Advancing Integrated Community Energy Planning in Ontario – The Primer
Across North America, governments are looking for new ways to manage the many challenges related to energy use including long-term reliability and security, costs, emissions, pollutants and other social and environmental impacts. Communities – the places where we live, work and play – are at the centre of these challenges. Communities account for almost 60 percent of Canada’s energy consumption and a business-as-usual scenario indicates that their energy use could increase by 75 percent by 2050 when compared to 2006, according to the Canadian Council of Energy Ministers. Managing energy use is fundamental to ensuring sustainable development and to protect the fundamental well-being of Canadian communities.
To address these mounting challenges, increasing numbers of municipalities are now developing Community Energy Plans as a way to document local priorities for how energy should be generated, delivered and used in the community now and into the future. Once approved, municipal staff can communicate and sell this vision within the municipal corporation and to external planning bodies. Community energy planning is an important way that municipalities can more formally participate in energy planning in Ontario.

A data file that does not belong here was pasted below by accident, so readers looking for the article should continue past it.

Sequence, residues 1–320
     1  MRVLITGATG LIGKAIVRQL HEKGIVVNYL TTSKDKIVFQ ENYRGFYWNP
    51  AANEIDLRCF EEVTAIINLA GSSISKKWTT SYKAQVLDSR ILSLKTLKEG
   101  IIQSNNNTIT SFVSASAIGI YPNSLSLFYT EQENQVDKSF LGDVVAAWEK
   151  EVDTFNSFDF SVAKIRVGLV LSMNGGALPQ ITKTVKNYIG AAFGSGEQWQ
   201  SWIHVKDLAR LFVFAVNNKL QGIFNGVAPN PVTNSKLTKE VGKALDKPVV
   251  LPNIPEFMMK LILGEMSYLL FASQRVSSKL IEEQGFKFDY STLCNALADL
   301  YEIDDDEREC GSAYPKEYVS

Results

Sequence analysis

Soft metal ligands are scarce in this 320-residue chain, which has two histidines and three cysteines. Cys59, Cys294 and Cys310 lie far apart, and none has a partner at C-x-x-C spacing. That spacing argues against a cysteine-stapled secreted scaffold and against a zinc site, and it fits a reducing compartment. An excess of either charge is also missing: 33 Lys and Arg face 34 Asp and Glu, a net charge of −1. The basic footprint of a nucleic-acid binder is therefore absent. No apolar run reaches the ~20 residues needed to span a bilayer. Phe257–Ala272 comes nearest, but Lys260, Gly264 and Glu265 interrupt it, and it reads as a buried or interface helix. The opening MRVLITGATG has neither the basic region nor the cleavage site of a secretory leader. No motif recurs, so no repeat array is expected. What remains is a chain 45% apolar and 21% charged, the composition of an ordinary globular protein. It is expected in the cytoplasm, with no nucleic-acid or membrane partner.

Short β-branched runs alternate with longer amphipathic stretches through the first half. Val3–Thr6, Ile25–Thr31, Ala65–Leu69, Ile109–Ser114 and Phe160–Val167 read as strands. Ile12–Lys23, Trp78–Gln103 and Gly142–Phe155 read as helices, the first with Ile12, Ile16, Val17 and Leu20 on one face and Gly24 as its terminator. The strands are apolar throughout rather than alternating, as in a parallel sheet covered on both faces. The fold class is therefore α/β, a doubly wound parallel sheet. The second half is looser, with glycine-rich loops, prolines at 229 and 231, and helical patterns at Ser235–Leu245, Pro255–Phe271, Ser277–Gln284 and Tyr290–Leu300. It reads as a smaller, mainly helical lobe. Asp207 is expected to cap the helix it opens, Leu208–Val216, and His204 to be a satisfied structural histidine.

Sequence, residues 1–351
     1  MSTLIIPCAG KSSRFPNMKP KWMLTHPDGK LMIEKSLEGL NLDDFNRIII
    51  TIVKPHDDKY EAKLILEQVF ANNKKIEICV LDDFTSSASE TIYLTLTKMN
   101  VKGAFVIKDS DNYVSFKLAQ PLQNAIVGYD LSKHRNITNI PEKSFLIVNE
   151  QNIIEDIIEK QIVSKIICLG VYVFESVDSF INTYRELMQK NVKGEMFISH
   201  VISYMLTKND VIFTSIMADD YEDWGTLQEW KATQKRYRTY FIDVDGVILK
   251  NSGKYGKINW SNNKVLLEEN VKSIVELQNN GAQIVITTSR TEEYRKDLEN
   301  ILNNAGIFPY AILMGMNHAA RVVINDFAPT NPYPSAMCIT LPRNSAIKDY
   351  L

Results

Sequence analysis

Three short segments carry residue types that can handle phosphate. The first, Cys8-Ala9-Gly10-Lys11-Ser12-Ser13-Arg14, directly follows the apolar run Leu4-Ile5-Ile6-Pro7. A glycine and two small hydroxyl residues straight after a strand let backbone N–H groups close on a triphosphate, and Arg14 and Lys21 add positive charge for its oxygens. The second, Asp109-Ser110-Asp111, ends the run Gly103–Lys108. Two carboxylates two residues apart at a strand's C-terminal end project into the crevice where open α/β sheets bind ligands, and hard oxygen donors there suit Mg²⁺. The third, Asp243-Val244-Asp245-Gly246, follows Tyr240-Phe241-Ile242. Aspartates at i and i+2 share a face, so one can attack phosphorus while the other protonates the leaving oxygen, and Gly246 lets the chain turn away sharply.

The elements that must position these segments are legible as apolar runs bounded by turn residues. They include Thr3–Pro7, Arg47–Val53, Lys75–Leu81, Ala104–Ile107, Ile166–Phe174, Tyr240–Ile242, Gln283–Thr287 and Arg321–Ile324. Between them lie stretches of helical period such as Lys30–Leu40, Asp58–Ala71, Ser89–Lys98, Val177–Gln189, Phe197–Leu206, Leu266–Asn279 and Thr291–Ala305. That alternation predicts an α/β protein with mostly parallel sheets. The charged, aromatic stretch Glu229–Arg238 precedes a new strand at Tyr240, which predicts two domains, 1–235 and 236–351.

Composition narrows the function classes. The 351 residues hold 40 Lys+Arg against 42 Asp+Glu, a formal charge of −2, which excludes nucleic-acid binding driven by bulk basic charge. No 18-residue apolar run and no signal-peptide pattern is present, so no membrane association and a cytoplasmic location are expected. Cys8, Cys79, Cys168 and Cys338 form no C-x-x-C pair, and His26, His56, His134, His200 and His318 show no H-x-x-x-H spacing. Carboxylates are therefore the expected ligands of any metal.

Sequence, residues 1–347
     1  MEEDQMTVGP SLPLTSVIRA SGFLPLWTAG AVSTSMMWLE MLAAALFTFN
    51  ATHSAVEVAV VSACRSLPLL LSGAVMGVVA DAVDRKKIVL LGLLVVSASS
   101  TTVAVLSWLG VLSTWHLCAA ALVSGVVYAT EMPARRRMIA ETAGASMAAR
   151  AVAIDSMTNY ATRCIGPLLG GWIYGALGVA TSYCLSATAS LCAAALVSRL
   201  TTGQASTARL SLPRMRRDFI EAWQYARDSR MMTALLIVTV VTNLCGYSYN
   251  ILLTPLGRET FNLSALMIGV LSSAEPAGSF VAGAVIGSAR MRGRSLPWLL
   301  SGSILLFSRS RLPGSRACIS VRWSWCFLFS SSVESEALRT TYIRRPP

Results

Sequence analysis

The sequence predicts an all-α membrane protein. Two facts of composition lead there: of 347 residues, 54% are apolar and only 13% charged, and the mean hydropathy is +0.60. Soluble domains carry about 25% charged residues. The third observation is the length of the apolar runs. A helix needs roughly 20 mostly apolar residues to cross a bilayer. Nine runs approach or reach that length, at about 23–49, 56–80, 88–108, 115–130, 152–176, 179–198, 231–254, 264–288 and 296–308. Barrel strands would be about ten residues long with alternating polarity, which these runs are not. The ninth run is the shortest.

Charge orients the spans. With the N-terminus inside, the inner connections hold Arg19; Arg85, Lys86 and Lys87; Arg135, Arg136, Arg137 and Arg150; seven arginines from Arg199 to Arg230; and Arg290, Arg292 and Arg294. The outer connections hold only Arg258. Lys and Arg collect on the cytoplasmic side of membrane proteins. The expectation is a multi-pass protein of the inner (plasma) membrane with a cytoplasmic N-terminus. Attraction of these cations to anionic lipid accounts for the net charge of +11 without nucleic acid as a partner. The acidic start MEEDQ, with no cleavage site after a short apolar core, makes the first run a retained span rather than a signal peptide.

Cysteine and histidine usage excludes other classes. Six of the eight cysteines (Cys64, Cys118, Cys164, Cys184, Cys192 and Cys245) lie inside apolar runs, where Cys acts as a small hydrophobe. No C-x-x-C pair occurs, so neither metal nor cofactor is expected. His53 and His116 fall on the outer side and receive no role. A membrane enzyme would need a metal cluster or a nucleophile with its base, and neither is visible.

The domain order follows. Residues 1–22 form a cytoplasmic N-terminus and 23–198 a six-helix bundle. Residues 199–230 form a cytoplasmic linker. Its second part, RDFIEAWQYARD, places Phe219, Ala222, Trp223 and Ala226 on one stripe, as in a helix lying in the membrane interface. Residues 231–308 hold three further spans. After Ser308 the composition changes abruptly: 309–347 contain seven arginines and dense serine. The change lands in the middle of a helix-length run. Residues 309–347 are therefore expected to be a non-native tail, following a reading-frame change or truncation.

This primer is designed to help municipalities understand how they can work within the current regulatory framework to plan their communities’ energy future. This will require getting the right groups around the table and figuring out how to share information in a timely and efficient manner among stakeholders in order to be effective. This primer provides a rationale for why municipalities play a key role in integrated energy planning in Ontario, how municipalities can get started planning an integrated energy future and how to engage local partners. It provides an overview of current energy processes in Ontario and identifies opportunities for municipalities to better provide input to and have regard for other electricity and natural gas planning processes. It also looks at opportunities for municipalities to introduce an energy lens to land use and growth planning processes.